PAUL: Because Niklas uses these extremely slow-motion fades, you look at the image, but you don’t see the change. It’s a very dramatic change, but it’s not obvious when you look at it in real-time. You feel that something changes, but you can’t really grasp it. It’s so perfidious, it’s subtle, and it’s absolutely not Hollywoodesque. It has a different kind of tension. Because the radio play is so dense – yet the videos give you the freedom to have your own image of the characters. At the same time the videos show the big process, what I talked of as the evolutionary cycle.

Ballardian: Hochhaus

Image from Hochhaus, © Paul Plamper & Niklas Goldbach, 2008.

NIKLAS: When I made the videos, there was this question about how you do a video to a radio play and not turn the whole thing into a movie. When I first listened to the radio play I wrote down a lot of images, but they’re all just details. In the end there was the decision to in fact just show one image in each video that’s slowly changing. 55 minutes is quite a long time for a video – and I think if you just use one image, and look at it for a long time, it kind of disappears and gets replaced by other images. Warhol said that if you look at one image and you think it’s boring, just look at it for ten minutes and if it’s still boring, look at it for like 20 minutes and so on… In our case, you’re looking at one image for 55 minutes, and there’s a change happening, but you also have the audio that’s guiding you through a completely different world. I noticed that some people during the shows were closing their eyes; it was fun for me to watch their reaction when they opened their eyes again because all of a sudden the video was at a completely different point. I think some people thought, oh, it’s just one image, I don’t have to look at that, and then after a while they noticed that a lot has changed.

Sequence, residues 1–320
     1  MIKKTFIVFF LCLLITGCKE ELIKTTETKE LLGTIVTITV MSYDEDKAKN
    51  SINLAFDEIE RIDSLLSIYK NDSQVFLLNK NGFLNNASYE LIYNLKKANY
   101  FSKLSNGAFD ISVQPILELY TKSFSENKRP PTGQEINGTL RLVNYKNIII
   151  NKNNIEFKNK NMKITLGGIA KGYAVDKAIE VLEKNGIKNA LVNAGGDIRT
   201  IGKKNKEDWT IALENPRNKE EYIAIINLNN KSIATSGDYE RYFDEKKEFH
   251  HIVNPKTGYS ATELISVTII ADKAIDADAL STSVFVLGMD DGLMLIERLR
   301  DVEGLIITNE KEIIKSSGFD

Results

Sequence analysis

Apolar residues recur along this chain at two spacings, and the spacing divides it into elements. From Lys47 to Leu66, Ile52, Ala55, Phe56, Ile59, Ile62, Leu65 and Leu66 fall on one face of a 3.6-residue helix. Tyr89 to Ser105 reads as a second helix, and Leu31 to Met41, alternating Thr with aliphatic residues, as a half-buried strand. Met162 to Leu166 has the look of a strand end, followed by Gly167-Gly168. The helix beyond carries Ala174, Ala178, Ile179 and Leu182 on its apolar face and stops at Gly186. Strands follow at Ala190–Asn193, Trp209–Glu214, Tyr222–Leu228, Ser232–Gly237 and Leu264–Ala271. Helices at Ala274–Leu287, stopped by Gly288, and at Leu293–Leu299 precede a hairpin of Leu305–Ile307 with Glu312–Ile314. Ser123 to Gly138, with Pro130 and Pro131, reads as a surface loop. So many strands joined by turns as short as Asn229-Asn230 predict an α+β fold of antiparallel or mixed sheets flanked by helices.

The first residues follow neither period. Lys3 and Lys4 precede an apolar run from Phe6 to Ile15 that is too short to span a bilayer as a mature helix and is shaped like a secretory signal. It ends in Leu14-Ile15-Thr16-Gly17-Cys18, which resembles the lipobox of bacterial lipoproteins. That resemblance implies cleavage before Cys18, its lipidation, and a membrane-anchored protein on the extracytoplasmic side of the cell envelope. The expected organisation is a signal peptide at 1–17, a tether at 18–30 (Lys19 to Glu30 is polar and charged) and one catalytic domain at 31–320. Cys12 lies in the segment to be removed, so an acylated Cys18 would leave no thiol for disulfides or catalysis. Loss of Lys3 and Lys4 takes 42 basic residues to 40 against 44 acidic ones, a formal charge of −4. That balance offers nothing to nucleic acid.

DAN: Absolutely. I actually rather enjoyed the fact that, during the first part, it got dark on the video as it was getting dark in Köln.

NIKLAS: Yeah, it was. I was really happy that the screen itself was not on the side of the Dom, because that would have been really tough competition…

Dan O’Hara, 2008

Hochhaus is currently touring Germany; the next dates will be on the 12 January 2008, Theater Mannheim, and in February 2008 at the Kampnagel Hamburg. Eventually it will be available to buy at Paul Plamper’s future outlet for radio plays, Hörpark.

+ Paul Plamper
+ Niklas Goldbach

Author: Dan O'Hara